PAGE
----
Beverly Hills City Hall and BHHUSD also claimed the Constellation Station was located on an active fault, a contention Torribio rejected as “clearly erroneous or inaccurate.”

“Metro undertook significant analysis of the subsurface structure of the [Constellation] Station site, including review of historical data, review of previous fault investigations performed in Century City, and new borings, cone penetration tests, and observation wells,” Torribio stated in his ruling.

The lawsuit also alleged Metro violated Beverly Hills’ due process and failed to have the Draft EIR re-circulated and revised in multiple rounds. Further, the lawsuit contended air quality would be adversely impacted during construction and the mitigation of construction traffic was not properly analyzed.

Two unique claims were also raised by City Hall and school district, including allegations the Final EIR “never addressed the danger posed by drilling” through subsurface gas and Metro failed to “identify unmapped oil wells within the Project area, but deferred this task until after Project approval.”

Torribio refuted both claims in his ruling, stating Metro “reasonably concluded that tunneling can safely be constructed and operated in gassy ground” and the Purple Line’s design would avoid the unmapped oil wells.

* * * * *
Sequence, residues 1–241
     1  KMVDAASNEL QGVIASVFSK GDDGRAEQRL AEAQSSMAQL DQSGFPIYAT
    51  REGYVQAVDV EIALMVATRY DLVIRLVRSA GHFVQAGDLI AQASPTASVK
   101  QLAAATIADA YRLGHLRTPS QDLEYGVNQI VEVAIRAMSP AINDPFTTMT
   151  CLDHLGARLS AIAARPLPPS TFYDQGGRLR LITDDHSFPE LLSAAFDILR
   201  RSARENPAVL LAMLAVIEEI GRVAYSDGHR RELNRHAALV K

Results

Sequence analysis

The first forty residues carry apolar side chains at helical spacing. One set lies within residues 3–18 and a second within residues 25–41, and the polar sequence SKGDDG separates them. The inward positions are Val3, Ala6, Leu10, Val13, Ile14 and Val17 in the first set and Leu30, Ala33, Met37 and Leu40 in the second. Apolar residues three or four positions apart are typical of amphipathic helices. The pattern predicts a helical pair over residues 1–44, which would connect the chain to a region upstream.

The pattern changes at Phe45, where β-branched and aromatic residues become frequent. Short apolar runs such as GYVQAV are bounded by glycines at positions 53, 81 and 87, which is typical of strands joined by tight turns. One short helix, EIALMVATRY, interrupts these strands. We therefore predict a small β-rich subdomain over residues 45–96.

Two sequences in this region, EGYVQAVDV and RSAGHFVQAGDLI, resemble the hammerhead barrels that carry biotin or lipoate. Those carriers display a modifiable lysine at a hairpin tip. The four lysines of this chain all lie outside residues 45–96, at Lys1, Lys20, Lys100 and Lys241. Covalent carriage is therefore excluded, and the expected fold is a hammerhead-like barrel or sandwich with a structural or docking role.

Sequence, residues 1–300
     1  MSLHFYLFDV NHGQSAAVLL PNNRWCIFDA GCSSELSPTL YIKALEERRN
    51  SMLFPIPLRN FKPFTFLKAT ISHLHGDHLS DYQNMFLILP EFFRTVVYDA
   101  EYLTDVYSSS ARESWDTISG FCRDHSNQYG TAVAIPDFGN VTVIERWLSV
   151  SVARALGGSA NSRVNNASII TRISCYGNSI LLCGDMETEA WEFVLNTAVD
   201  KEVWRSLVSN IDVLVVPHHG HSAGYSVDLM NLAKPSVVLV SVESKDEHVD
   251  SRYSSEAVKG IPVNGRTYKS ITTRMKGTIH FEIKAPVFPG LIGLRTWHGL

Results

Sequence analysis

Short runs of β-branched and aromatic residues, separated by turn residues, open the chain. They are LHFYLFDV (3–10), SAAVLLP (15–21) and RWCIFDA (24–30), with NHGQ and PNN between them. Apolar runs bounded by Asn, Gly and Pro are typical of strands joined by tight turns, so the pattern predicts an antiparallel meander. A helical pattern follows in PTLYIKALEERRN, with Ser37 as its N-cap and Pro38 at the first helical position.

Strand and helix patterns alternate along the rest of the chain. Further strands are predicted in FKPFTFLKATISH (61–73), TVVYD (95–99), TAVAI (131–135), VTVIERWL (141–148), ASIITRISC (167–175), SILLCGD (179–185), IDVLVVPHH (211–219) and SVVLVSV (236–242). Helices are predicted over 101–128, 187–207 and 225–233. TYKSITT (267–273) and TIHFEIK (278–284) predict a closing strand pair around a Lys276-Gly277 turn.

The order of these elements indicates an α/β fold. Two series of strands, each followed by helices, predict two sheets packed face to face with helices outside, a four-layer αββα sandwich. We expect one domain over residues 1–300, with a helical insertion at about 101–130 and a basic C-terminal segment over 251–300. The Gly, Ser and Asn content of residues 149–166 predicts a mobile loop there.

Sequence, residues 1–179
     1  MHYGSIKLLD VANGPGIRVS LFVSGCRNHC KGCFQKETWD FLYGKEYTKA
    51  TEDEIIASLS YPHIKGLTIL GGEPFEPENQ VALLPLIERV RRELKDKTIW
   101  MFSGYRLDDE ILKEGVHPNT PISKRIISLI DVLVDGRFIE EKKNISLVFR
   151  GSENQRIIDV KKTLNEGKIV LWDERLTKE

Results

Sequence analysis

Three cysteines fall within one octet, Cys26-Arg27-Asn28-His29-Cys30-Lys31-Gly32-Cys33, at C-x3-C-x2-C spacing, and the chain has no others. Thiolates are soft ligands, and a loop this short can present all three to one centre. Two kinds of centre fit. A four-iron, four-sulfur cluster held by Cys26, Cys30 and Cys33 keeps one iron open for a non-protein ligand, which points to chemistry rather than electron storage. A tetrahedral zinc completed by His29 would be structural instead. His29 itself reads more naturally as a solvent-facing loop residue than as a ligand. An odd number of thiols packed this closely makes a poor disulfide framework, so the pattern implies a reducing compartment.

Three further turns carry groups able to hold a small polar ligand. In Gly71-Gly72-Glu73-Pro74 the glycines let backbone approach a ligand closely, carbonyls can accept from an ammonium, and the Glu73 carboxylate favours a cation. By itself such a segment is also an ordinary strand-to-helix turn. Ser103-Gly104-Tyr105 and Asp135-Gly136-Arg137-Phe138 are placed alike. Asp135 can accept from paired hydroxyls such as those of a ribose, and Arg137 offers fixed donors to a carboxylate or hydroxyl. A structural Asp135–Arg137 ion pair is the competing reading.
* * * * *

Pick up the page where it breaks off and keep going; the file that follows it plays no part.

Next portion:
“Metro is pleased that our in-depth, multi-year environmental review process was found valid by the Superior Court,” read a statement issued by Metro. “We look forward to working with all the communities along the alignment, including Beverly Hills, to fulfill our commitment to deliver this regionally significant and beneficial project for the taxpayers of L.A. County.”

According to Metro, the Purple Line Extension would add 8.5 miles of subway rail to the already existing east-west route that currently runs from Union Station to Wilshire Boulevard and Western Avenue in Koreatown.

A three-phase project, the first leg of the subway extension project would bring the Purple Line from its current Koreatown terminus to Wilshire and La Cienega boulevards. The second phase would extend the Purple Line into Century City before the final construction would complete the route through to the Veterans Administration building in Westwood.

Purple Line
A Metro subway station. (Thinkstock)

Construction is expected to begin later this year and, according to Metro, the first phase of the subway is planned to open in 2023.

BHUSD and the City of Beverly Hills still have federal lawsuits pending, according to Metro. Specifically, both the City and school district filed suit against the Federal Transit Administration (FTA) and reportedly alleged National Environmental Act Policy violations. Metro stated the FTA provided some funding and approved the environmental studies for the Purple Line Extension.

In a separate matter, the Beverly Hills City Council approved at its April 1 meeting a pair of permits allowing Metro to conduct groundwater and gas sampling activities as well as relocating underground utilities as part of the Westside Subway Extension.